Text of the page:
[KB Home’s Runkle Canyon development is now called Arroyo Vista at the Woodlands]
This week’s blog series, “Railroading Runkle Canyon?” will continue into next week because of the sheer amount of material we’re covering. Three more posts will cover the Runkle Canyon cleanup plan public comments by Bill Bowling, D’Lanie Blaze and EnviroReporter. A fourth blog post will look at all these comments and what they may mean for the new toxics department honcho in charge of the “cleanup” of Runkle Canyon and the Santa Susana Field Laboratory, Rick Brausch.
We interrupted the series to cover the sacking of the Runkle Canyon and Rocketdyne Department of Toxic Substances Control projects manager, Norm Riley, in “Coup de Goo.”
Riley’s departure was met with mixed responses from the community, but we were heartened by acting director of DTSC, Maziar Movassagh’s affirmation that the department considers the Rangers’ and others’ comments helpful.
“This department takes the public comments very seriously,” Movassaghi told EnviroReporter.com. “We’re going to look at Runkle Canyon with clean eyes. We are not going to delay this [voluntary cleanup with KB Home].
“We’ve got to respond to people. The worst thing the government can do is open a black box and say ‘send in your comments’ [and get no response]. They wonder what happened to their tax dollars.”
Okay, then. That’s encouraging.
So was an August 12 letter we got from DTSC’s Cypress office about amending the Aerojet Chino Hills website to accurately reflect exactly where the polluted 800-acre site actually is located. We had addressed the issue in our July 23 post “Does DTSC know where Aerojet Chino Hills is?”:
It appears that the location of this $46 million-and-counting cleanup of unexploded bombs, munitions and depleted uranium shell fragments has moved onto the Greg Norman Signature Golf Course at the Vellano Country Club!
The center of the cleanup looks to be between one hole and the putting green which makes you wonder what kind of club a golfer should use when whacking around live rounds that sometimes have to be “blown in place” if they are too dangerous to excavate. Does the golfer still yell “FORE!” or, more appropriately, “DUCK!”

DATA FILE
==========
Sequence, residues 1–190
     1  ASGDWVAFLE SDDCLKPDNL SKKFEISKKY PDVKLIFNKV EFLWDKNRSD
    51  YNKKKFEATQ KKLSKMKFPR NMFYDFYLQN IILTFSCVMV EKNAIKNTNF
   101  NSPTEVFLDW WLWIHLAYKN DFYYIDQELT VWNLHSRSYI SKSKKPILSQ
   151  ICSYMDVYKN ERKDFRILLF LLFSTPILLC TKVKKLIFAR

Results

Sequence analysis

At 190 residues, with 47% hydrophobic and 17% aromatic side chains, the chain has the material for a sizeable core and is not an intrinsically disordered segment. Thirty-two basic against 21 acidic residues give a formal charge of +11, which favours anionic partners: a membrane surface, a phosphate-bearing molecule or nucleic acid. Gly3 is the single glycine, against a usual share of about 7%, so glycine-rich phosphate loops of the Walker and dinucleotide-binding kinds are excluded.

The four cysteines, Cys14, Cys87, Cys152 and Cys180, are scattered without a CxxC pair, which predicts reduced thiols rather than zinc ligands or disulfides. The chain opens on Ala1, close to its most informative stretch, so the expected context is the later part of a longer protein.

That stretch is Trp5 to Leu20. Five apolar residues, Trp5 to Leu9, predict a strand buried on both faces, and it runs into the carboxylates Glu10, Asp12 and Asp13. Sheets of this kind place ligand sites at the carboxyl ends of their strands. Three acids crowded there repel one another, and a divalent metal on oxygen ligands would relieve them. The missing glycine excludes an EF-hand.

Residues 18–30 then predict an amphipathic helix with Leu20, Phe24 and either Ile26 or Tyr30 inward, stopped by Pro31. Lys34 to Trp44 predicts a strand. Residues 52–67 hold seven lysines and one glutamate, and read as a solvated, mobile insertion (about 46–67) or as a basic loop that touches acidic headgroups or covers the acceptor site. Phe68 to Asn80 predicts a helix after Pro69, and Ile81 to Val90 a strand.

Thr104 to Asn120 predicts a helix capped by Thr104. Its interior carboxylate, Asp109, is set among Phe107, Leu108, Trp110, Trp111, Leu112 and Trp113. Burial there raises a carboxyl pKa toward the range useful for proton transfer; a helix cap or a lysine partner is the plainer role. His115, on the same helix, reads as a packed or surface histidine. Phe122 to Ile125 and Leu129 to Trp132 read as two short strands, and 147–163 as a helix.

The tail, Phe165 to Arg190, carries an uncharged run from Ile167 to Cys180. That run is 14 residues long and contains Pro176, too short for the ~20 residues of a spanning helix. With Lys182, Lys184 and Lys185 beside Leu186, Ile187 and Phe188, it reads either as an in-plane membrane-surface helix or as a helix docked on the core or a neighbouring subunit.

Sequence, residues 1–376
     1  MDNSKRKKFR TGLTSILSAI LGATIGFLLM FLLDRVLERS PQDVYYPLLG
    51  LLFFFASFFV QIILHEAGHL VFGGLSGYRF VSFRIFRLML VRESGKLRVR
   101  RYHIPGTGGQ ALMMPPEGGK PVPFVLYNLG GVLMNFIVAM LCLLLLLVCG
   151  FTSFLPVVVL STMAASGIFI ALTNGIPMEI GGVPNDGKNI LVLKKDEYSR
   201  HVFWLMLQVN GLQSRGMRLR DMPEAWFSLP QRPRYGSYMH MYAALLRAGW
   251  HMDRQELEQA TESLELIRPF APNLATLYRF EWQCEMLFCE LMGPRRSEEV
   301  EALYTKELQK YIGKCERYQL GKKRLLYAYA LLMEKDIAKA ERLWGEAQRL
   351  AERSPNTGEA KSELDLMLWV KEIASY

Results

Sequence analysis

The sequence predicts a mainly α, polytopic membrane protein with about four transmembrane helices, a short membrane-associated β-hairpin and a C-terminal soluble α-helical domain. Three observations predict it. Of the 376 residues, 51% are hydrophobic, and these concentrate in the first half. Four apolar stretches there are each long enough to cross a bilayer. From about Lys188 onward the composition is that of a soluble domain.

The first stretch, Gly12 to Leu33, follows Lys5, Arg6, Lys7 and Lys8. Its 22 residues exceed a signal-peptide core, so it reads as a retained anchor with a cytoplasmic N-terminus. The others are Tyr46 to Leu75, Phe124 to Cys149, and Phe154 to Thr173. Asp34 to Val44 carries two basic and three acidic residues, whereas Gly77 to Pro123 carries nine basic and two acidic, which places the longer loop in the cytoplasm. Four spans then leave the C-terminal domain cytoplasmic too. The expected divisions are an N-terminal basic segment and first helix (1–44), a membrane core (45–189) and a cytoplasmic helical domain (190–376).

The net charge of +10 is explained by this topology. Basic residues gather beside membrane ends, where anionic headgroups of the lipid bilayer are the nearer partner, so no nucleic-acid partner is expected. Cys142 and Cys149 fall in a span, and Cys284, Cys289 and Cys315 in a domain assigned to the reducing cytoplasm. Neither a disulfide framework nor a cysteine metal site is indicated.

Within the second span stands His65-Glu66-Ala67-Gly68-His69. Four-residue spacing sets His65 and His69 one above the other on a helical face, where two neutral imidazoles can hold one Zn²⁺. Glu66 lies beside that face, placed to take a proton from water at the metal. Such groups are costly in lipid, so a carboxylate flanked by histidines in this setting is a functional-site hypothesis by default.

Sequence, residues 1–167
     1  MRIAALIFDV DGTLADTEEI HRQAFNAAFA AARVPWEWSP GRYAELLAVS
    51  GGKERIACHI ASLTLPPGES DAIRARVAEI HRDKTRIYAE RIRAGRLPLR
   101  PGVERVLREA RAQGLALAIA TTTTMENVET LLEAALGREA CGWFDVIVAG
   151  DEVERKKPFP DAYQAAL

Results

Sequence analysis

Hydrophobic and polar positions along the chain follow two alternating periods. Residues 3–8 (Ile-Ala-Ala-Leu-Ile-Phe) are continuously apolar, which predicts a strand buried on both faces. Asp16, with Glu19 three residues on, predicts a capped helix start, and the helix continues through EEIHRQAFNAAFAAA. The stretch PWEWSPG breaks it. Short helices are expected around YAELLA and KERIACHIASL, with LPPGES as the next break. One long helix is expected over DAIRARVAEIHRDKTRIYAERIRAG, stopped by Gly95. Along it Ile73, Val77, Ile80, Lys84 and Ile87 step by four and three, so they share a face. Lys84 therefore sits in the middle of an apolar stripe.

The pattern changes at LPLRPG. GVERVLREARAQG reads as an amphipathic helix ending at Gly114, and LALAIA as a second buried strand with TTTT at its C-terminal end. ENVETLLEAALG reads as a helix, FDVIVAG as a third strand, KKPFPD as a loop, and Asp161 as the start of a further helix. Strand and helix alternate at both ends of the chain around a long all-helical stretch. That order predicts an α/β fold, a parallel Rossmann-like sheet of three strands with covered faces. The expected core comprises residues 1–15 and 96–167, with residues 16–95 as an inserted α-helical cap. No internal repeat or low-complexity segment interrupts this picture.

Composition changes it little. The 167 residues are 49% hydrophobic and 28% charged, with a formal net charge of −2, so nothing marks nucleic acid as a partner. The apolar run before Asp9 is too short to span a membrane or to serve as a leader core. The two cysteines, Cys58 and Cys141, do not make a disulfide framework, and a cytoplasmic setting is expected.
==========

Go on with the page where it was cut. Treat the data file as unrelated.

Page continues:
DTSC responded in a letter to EnviroReporter.com:
Thank you for bringing to the Department of Toxic Substances Control’s (DTSC’s) attention an error in the precise location of the subject facility on DTSC’s Envirostor Web page. DTSC has slightly adjusted the latitude and longitude to more accurately show the facility location. DTSC strives to maintain accurate information about all of its facilities and greatly appreciates it when our public stakeholders take the time to point out any errors that have occurred.”
EnviroReporter.com isn’t actually a “public stakeholder” – that’s a designation usually reserved for residents, businesses and environmental groups that have an interest in the sites DTSC makes sure are cleaned up. We are an environmental news website.
But what the hey, huh? It’s gratifying that the department would look at EnviroReporter.com‘s blog to find out it had posted four maps that showed Aerojet Chino Hills, a contaminated Cold War-era facility, located next to the putting green on a fancy golf course.
So it was with some surprise that we went to the Aerojet Chino Hills map page, under the “Map” tab, only to see that nothing has changed. Sure enough, even now, three weeks after getting that snail-mail letter, the DTSC Envirostor page hasn’t been touched and the polluted complex lies yards away from the tony golf course’s clubhouse.
But that’s not the worst of it. A letter written to a Chino Hills stakeholder last month by the same DTSC person who wrote the August 12 missive to EnviroReporter.com, says in part:
Aerojet has completed all required corrective actions relating to chemical impacts to soil, surface water and subsurface water.
This year, DTSC accepted clean closure for the former Open Burn/Open Detonation unit of the Aerojet Chino Hills property, where Aerojet treated ordnance (under permit from DTSC) that did not meet military specifications.
Apparently, DTSC’s Cypress office didn’t consider even one of EnviroReporter.com‘s 15 pages comments about the OB/OD unit submitted May 1 to the department.
This defies common sense and the letter of the law. Our comments show that the “clean closure” for the OB/OD could be premature and a threat to humans, animals, water supplies and the environment.
No amount of hiring and firing or personnel changes in DTSC will make a difference if the department itself is plagued by institutional ineptness. Taxpaying community members, especially those in living in polluted areas, deserve better.